White Trite: A Look at D.C.’s White Power Flops
Members of the white-supremacist group Aryan Nations plan to march on the U.S. Capitol on Saturday, ostensibly to protest the treatment of white farmers in South Africa. But if history is any predictor, the rally has a good chance of fizzling. Ever since the Ku Klux Klan organized around 35,000 marchers in 1925, it’s been downhill for white-power groups hoping to pull off a spectacle in Washington.
Nov. 28, 1982: After a 57-year break from protesting in Washington, the KKK returns to the Capitol. Organizers set the bar low and predict 200 members will march. Thirty-six show up. When a KKK spokesman mentions the threat of “illegal aliens,” according to the New York Times, one reporter asks if he means E.T.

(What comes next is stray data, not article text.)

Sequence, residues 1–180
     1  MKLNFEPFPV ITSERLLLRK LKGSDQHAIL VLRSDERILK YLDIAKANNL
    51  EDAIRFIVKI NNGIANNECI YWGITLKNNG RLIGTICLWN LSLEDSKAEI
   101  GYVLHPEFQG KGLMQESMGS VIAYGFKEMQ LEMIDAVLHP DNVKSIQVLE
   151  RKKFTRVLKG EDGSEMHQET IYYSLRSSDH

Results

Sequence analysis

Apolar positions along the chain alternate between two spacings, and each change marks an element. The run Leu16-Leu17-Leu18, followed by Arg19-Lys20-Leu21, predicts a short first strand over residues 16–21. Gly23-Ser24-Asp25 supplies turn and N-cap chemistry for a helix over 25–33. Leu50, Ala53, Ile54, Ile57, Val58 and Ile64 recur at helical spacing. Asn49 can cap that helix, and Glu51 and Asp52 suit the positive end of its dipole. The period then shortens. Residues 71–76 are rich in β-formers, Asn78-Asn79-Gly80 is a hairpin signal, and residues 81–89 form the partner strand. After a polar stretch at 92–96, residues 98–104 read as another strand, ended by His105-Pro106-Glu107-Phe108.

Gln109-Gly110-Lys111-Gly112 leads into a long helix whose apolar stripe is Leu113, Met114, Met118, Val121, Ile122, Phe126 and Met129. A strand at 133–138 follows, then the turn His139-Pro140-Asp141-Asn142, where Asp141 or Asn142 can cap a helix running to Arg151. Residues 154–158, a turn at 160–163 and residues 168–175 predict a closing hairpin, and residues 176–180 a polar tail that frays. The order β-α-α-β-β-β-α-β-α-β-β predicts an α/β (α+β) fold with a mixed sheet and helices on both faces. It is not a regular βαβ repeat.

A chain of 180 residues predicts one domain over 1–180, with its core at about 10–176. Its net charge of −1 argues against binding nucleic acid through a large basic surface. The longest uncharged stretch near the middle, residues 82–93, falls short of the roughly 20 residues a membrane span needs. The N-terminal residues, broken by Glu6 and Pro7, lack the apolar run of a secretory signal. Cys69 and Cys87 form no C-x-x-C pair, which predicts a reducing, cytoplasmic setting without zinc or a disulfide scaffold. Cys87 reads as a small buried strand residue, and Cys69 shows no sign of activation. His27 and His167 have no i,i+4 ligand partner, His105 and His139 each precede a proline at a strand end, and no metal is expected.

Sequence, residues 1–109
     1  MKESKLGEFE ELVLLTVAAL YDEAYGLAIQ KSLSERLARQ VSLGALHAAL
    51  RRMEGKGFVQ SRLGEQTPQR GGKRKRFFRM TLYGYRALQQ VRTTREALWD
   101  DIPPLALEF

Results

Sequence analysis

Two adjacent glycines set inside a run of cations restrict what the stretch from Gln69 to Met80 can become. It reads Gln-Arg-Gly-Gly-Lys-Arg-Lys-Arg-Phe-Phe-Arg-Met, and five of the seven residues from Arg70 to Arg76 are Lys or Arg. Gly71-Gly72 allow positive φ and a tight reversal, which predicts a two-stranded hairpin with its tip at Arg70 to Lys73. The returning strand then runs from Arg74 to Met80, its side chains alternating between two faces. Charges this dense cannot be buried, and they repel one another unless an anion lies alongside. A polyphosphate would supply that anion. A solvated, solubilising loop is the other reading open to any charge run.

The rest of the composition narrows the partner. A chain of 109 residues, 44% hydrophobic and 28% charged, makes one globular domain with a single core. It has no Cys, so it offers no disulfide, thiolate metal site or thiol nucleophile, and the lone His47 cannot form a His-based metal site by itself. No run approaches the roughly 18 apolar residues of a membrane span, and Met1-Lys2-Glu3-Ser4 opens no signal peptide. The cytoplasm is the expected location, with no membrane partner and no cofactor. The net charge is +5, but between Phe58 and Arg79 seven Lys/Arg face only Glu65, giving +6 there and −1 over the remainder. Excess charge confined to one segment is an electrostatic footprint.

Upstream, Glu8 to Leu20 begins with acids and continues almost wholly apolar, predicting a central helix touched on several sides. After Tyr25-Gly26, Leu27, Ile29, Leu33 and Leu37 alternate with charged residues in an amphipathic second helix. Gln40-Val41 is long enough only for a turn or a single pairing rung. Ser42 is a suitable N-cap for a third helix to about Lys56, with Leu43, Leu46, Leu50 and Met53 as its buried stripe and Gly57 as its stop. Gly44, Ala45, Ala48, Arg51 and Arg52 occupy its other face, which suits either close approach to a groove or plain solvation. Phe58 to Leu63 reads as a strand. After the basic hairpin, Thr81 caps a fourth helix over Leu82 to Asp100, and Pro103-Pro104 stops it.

Sept. 2, 1990: The Knights of Freedom Nationalist Party, a KKK group from South Carolina, attempt to walk down Constitution Avenue. The 44-person march gets stuck at the Capitol, however, after counterprotesters block their path.
Oct. 28, 1990: The Knights of Freedom Nationalist Party are back, and, after a legal fight with then-Mayor Marion Barry’s administration, win a permit. Only 27 people show up, but the Klan does get D.C. to pay its $62,000 legal bill to the ACLU.
August 7, 1999: A long-planned march by a neo-Nazi group ends up attracting just four members—not counting the group’s leader, who doesn’t’ show up. His mother tells the Washington Post: “I don’t like to say that about my own son, but he is a chicken.”
April 19, 2008: White-power groups just love Constitution Avenue. A march by Michigan neo-Nazis attracts hundreds of cops...and 35 neo-Nazis.
Photos courtesy Library of Congress